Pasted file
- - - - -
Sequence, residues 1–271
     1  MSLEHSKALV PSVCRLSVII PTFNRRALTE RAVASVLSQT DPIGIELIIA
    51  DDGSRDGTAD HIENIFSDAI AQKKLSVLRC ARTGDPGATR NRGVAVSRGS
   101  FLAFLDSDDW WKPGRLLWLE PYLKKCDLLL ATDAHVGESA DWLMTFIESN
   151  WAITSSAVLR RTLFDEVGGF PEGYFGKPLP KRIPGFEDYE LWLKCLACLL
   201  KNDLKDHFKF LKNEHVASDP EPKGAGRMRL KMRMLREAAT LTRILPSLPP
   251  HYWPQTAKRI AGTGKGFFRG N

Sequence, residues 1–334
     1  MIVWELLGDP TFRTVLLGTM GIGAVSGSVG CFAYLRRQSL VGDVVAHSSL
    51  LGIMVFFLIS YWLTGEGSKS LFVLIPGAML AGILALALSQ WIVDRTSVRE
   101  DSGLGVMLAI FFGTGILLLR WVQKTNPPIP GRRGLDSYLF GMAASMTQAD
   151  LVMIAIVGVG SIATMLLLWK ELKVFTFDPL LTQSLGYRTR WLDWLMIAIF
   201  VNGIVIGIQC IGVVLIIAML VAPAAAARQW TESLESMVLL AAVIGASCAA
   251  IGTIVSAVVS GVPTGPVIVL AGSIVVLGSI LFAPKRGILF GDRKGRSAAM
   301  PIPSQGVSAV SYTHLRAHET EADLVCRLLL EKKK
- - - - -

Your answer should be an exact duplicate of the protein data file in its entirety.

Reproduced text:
Sequence, residues 1–271
     1  MSLEHSKALV PSVCRLSVII PTFNRRALTE RAVASVLSQT DPIGIELIIA
    51  DDGSRDGTAD HIENIFSDAI AQKKLSVLRC ARTGDPGATR NRGVAVSRGS
   101  FLAFLDSDDW WKPGRLLWLE PYLKKCDLLL ATDAHVGESA DWLMTFIESN
   151  WAITSSAVLR RTLFDEVGGF PEGYFGKPLP KRIPGFEDYE LWLKCLACLL
   201  KNDLKDHFKF LKNEHVASDP EPKGAGRMRL KMRMLREAAT LTRILPSLPP
   251  HYWPQTAKRI AGTGKGFFRG N

Sequence, residues 1–334
     1  MIVWELLGDP TFRTVLLGTM GIGAVSGSVG CFAYLRRQSL VGDVVAHSSL
    51  LGIMVFFLIS YWLTGEGSKS LFVLIPGAML AGILALALSQ WIVDRTSVRE
   101  DSGLGVMLAI FFGTGILLLR WVQKTNPPIP GRRGLDSYLF GMAASMTQAD
   151  LVMIAIVGVG SIATMLLLWK ELKVFTFDPL LTQSLGYRTR WLDWLMIAIF
   201  VNGIVIGIQC IGVVLIIAML VAPAAAARQW TESLESMVLL AAVIGASCAA
   251  IGTIVSAVVS GVPTGPVIVL AGSIVVLGSI LFAPKRGILF GDRKGRSAAM
   301  PIPSQGVSAV SYTHLRAHET EADLVCRLLL EKKK